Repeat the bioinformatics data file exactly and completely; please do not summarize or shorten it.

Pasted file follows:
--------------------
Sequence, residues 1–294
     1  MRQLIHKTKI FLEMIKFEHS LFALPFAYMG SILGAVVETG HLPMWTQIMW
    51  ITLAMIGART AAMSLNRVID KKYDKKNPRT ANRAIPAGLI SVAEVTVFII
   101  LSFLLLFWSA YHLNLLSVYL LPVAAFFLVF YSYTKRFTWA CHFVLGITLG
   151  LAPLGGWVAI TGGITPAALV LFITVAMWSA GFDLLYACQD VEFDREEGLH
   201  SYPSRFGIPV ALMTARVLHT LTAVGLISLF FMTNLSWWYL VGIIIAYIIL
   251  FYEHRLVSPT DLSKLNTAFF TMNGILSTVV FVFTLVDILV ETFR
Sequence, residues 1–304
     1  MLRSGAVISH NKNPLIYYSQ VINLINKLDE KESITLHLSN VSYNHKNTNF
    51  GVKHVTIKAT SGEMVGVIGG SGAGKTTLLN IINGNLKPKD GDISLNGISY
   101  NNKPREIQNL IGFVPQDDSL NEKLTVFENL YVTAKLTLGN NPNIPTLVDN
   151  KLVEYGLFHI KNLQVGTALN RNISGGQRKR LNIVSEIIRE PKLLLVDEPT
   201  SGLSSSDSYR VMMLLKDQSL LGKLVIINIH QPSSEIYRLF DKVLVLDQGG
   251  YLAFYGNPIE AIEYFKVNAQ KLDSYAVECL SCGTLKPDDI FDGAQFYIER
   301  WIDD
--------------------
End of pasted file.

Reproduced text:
Sequence, residues 1–294
     1  MRQLIHKTKI FLEMIKFEHS LFALPFAYMG SILGAVVETG HLPMWTQIMW
    51  ITLAMIGART AAMSLNRVID KKYDKKNPRT ANRAIPAGLI SVAEVTVFII
   101  LSFLLLFWSA YHLNLLSVYL LPVAAFFLVF YSYTKRFTWA CHFVLGITLG
   151  LAPLGGWVAI TGGITPAALV LFITVAMWSA GFDLLYACQD VEFDREEGLH
   201  SYPSRFGIPV ALMTARVLHT LTAVGLISLF FMTNLSWWYL VGIIIAYIIL
   251  FYEHRLVSPT DLSKLNTAFF TMNGILSTVV FVFTLVDILV ETFR
Sequence, residues 1–304
     1  MLRSGAVISH NKNPLIYYSQ VINLINKLDE KESITLHLSN VSYNHKNTNF
    51  GVKHVTIKAT SGEMVGVIGG SGAGKTTLLN IINGNLKPKD GDISLNGISY
   101  NNKPREIQNL IGFVPQDDSL NEKLTVFENL YVTAKLTLGN NPNIPTLVDN
   151  KLVEYGLFHI KNLQVGTALN RNISGGQRKR LNIVSEIIRE PKLLLVDEPT
   201  SGLSSSDSYR VMMLLKDQSL LGKLVIINIH QPSSEIYRLF DKVLVLDQGG
   251  YLAFYGNPIE AIEYFKVNAQ KLDSYAVECL SCGTLKPDDI FDGAQFYIER
   301  WIDD